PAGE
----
United State v. Kahriger/Dissent Black

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United States Supreme Court

345 U.S. 22

United State  v.  Kahriger

 Argued: Dec. 16, 17, 1952. --- Decided: March 9, 1953

Mr. Justice BLACK, with whom Mr. Justice DOUGLAS concurs, dissenting.

The Fifth Amendment declares that no person 'shall be compelled in any criminal case to be a witness against himself'. The Court nevertheless here sustains an Act which requires a man to register and confess that he is engaged in the business of gambling. I think this confession can provide a basis to convict him of a federal crime for having gambled before registration without paying a federal tax. 26 U.S.C. (Supp. V) §§ 3285, 3290, 3291, 3294, 26 U.S.C.A. §§ 3285, 3290, 3291, 3294. Whether or not the Act has this effect, I am sure that it creates a squeezing device contrived to put a man in federal prison if he refuses to confess himself into a state prison as a violator of state gambling laws. [*] The coercion of confessions is a common but justly criticized practice of many countries that do not have or live up to a Bill of Rights. But we have a Bill of Rights that condemns coerced confessions, however refined or legalistic may be the technique of extortion. I would hold that this Act violates the Fifth Amendment. See my dissent in Feldman v. United States, 322 U.S. 487, 494-503, 64 S.Ct. 1082, 1085-1089, 88 L.Ed. 1408.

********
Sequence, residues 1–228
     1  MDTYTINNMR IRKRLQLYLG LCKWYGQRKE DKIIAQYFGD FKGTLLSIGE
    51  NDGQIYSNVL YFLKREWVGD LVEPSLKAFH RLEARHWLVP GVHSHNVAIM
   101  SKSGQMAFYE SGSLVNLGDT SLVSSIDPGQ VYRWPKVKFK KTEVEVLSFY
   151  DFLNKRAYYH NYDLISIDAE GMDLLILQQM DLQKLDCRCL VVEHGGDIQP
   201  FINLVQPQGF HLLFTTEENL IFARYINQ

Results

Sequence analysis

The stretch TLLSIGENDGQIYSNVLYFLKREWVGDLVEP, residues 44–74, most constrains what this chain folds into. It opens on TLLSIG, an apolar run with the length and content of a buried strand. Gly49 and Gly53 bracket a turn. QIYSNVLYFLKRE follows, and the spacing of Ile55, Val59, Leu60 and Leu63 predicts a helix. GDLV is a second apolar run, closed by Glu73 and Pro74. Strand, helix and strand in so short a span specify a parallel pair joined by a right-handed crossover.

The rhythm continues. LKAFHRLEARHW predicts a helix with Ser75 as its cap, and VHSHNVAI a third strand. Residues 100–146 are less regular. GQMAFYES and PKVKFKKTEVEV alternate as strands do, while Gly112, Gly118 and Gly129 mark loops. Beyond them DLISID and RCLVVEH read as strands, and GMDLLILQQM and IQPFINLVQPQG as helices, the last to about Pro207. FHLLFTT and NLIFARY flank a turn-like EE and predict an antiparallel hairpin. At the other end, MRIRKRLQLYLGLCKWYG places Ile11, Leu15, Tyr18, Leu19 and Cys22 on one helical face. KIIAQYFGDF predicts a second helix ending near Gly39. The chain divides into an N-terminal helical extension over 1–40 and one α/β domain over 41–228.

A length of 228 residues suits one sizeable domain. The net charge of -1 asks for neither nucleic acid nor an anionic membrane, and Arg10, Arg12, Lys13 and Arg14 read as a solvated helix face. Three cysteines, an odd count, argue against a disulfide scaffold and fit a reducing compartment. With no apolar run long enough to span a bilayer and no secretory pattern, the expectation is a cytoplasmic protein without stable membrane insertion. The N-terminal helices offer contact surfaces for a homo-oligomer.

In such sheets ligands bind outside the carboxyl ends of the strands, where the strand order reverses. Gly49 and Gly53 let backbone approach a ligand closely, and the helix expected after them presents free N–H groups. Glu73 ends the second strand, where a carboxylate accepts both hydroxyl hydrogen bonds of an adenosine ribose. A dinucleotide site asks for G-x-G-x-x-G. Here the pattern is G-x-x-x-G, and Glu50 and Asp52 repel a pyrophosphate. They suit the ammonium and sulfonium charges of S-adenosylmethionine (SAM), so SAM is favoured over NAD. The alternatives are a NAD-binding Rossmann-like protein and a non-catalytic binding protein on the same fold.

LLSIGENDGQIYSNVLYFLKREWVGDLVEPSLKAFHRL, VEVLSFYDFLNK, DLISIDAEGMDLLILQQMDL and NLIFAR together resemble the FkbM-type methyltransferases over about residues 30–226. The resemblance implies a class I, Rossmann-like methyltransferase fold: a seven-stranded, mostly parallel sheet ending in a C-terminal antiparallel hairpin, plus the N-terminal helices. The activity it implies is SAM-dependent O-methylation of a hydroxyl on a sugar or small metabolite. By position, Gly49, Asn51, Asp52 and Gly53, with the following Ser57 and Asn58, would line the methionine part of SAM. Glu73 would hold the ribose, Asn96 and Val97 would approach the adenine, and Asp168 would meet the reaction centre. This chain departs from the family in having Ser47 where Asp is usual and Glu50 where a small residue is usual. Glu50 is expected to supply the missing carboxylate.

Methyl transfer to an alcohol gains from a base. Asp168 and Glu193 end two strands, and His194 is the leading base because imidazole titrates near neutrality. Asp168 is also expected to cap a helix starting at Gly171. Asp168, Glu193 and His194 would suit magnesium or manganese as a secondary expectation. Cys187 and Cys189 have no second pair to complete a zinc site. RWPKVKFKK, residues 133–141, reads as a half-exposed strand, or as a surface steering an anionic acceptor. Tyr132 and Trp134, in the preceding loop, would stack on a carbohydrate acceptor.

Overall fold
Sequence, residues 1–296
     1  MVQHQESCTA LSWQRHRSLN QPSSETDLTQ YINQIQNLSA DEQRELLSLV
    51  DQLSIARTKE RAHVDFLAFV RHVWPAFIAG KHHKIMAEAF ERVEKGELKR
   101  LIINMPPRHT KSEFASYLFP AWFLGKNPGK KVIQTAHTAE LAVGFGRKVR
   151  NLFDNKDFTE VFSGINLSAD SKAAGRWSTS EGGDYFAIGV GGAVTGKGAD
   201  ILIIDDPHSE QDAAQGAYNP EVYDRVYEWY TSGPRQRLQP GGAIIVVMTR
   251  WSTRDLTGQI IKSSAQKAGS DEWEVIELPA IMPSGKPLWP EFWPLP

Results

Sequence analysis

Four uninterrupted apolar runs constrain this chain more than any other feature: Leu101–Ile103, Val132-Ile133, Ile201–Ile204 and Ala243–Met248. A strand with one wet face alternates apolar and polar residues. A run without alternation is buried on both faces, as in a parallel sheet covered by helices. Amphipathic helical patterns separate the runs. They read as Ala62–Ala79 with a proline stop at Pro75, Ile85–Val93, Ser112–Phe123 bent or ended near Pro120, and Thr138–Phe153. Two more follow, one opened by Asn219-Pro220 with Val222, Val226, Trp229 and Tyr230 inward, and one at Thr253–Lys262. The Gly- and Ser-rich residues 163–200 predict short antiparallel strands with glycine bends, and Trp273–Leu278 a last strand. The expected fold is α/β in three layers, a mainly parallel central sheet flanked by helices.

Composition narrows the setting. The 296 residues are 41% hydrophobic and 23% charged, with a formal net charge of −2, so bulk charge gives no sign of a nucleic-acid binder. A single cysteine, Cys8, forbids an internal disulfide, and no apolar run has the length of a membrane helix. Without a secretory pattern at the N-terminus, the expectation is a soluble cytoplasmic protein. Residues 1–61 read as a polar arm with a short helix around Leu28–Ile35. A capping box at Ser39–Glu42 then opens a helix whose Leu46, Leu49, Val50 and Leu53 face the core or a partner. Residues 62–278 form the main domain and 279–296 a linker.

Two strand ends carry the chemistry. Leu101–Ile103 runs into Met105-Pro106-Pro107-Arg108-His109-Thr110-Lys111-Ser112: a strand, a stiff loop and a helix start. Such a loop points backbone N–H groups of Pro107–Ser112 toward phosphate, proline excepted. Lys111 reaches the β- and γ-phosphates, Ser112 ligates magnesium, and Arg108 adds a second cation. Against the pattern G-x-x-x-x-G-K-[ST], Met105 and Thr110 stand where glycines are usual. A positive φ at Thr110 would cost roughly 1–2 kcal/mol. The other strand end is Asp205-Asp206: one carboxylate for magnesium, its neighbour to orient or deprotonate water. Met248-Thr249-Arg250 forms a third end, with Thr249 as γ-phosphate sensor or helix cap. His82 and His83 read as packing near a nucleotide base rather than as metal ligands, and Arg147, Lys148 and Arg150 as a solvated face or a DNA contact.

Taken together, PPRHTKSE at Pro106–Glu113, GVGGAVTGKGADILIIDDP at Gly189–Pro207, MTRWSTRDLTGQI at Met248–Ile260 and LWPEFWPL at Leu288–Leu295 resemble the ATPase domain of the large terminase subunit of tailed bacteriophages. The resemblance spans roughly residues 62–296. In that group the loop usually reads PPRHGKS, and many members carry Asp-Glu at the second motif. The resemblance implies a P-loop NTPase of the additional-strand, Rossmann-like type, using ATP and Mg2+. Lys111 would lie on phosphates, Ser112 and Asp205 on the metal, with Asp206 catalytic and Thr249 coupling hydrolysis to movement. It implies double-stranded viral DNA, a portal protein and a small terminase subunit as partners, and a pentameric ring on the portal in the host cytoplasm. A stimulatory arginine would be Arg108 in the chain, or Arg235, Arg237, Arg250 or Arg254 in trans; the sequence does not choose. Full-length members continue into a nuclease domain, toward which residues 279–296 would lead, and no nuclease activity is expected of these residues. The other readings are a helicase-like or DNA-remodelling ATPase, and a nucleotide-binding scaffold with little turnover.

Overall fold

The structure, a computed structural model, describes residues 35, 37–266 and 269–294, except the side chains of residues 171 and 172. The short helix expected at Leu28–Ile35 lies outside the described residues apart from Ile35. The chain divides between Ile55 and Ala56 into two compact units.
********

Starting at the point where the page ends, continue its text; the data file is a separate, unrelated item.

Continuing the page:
This work is in the public domain in the United States because it is a work of the United States federal government (see 17 U.S.C. 105).